Heavily indebted countries can look just fine until suddenly they don’t, finance watchdog warns—’That is how markets work’

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Indebted countries are vulnerable to a precipitous loss of confidence even though that risk is barely acknowledged in bond markets, the Bank for International Settlements warned. 

The Basel-based institution said in its annual economic report released on Sunday that countries whose bloated fiscal positions are further stretched by higher interest rates should prioritize fiscal repair. Claudio Borio, head of the BIS’s monetary and economic department, said they must act “with urgency.”

“We know from experience that things look sustainable until suddenly they no longer do,” he told reporters. “That is how markets work.”

While the need to fix public finances has been a recurring theme for the BIS, the remarks coincide with heightened scrutiny on indebted economies. Worries about France this month prompted investors to demand the highest premium on its bonds since 2012. 

The Basel officials didn’t specify any country in particular, but they did feature a chart looking at the debt and market pricing of some of the world’s biggest borrowers, including Japan, Italy, the US, France, Spain and the UK.

In order to stabilize finances, advanced economies can this year run deficits no larger than 1% of gross domestic product, down from 1.6% last year, the BIS said. That’s a fraction of the current US deficit, which the International Monetary Fund described last week as “much too large.”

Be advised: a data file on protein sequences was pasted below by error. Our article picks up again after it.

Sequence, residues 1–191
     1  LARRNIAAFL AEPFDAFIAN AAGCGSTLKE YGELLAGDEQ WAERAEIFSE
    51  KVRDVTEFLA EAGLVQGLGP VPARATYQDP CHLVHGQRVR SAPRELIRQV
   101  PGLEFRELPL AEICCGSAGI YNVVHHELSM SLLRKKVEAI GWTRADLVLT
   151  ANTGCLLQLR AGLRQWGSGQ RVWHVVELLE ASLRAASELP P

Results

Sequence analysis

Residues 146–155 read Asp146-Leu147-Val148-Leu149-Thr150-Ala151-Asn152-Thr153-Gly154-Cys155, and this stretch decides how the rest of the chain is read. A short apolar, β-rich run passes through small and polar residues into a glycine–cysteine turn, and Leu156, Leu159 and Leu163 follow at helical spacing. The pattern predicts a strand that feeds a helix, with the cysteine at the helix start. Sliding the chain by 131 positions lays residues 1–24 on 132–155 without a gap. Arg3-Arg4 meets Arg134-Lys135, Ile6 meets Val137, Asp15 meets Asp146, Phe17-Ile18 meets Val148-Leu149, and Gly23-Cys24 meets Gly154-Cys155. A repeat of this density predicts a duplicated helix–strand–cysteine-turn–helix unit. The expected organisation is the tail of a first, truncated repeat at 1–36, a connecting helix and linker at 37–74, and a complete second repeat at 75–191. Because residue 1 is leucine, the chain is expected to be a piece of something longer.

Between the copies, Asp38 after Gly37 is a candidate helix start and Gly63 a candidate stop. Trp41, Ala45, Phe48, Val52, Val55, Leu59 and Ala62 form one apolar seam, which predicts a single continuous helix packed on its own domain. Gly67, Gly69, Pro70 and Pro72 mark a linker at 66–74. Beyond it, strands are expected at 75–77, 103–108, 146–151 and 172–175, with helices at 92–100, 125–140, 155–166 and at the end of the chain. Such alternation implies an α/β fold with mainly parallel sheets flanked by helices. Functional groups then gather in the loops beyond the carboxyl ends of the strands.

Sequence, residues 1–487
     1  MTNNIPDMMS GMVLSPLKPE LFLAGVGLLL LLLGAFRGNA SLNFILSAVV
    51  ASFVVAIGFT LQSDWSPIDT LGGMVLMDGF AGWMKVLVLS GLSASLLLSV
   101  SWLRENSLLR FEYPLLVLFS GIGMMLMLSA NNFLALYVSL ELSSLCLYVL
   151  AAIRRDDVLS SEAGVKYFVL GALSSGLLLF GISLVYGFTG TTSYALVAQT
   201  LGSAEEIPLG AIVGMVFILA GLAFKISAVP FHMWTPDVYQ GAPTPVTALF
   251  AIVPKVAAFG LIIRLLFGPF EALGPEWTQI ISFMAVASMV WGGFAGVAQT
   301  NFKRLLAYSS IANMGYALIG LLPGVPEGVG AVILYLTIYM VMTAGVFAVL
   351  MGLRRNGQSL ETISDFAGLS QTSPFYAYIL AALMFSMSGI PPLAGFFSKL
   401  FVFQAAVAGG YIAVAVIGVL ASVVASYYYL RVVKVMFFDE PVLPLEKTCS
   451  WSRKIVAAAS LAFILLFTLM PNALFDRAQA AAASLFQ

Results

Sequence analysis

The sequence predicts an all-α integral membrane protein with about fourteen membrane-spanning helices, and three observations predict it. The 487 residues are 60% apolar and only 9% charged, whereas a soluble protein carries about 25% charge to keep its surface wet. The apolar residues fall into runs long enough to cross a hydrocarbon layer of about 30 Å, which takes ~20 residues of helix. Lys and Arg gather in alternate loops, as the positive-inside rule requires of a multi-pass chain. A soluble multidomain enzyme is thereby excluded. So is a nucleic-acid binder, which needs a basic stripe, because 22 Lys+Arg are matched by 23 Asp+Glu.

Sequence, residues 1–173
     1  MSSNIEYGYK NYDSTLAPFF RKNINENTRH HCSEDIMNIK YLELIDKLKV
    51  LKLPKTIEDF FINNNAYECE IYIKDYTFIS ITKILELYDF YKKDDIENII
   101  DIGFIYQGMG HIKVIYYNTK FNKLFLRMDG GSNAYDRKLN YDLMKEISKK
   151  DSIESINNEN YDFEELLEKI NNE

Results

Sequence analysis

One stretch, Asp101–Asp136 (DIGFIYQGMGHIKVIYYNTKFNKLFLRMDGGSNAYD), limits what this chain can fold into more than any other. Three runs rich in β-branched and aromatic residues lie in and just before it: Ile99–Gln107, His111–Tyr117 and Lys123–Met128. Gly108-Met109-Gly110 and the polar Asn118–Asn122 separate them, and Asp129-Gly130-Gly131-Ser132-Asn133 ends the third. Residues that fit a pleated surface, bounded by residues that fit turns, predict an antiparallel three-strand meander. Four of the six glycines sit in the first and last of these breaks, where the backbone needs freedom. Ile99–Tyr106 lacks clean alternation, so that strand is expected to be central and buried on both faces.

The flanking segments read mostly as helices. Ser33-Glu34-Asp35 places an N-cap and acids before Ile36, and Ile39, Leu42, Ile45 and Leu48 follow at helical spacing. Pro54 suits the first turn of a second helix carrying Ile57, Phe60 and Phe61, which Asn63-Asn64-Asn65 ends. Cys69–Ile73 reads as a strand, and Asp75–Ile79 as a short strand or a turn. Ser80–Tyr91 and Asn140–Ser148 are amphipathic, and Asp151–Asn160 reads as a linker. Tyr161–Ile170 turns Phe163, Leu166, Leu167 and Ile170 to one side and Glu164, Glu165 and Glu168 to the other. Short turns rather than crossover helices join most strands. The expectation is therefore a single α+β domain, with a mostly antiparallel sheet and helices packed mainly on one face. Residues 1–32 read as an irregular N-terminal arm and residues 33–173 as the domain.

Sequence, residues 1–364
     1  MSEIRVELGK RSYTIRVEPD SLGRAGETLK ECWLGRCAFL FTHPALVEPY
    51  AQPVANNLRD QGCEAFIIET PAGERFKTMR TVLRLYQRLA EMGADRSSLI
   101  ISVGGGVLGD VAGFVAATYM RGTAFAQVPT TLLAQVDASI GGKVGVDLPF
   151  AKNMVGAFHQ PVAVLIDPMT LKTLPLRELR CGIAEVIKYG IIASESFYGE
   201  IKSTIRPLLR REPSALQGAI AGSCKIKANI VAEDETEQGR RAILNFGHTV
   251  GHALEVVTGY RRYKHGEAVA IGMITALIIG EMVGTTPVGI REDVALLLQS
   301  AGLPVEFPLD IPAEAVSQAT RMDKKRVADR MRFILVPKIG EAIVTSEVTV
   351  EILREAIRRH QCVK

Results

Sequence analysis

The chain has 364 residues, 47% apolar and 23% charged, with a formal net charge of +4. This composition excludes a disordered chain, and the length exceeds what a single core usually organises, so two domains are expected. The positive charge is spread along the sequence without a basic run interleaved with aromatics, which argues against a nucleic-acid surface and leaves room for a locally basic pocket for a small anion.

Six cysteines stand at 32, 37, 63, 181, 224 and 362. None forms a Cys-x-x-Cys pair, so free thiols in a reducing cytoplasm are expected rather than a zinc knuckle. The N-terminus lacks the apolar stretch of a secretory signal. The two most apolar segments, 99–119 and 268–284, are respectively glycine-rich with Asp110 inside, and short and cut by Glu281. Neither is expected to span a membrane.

“Though financial market pricing points to only a small likelihood of public finance stress at present, confidence could quickly crumble if economic momentum weakens and an urgent need for public spending arises on both structural and cyclical fronts,” the BIS said. “Government bond markets would be hit first, but the strains could spread more broadly.”

Inflation is subsiding however, BIS officials acknowledge. The world is currently set for a “smooth landing,” General Manager Agustin Carstens said.

Services still pose a risk to that outlook, with prices in that area out of step with pre-pandemic trends, the report said. In addition, increases in the cost of commodities due to geopolitical tensions could reignite inflation. 

Given these pressure points, officials highlighted that central banks should be cautious about cutting rates too soon. That could prove costly to their reputations if such policy needs to be reversed amid a flare-up of inflation again, the report said. 

Policymakers already did their fair share to contribute to that problem, the BIS suggested, repeating its accusation that “with the benefit of hindsight,” pandemic-era stimulus probably raised the risks of second-round effects.

While central banks shouldn’t ease too soon, governments also have a part to play with too-loose fiscal policy, officials said. Instead, they should widen tax bases and deliver structural reforms to meet future challenges including demographic shifts and climate change.

“Our main message is that central banks alone cannot deliver a durable increase in economic growth and prosperity,” Borio said. “Laying the foundation for a brighter economic future also requires actions from other policymakers, especially governments.”

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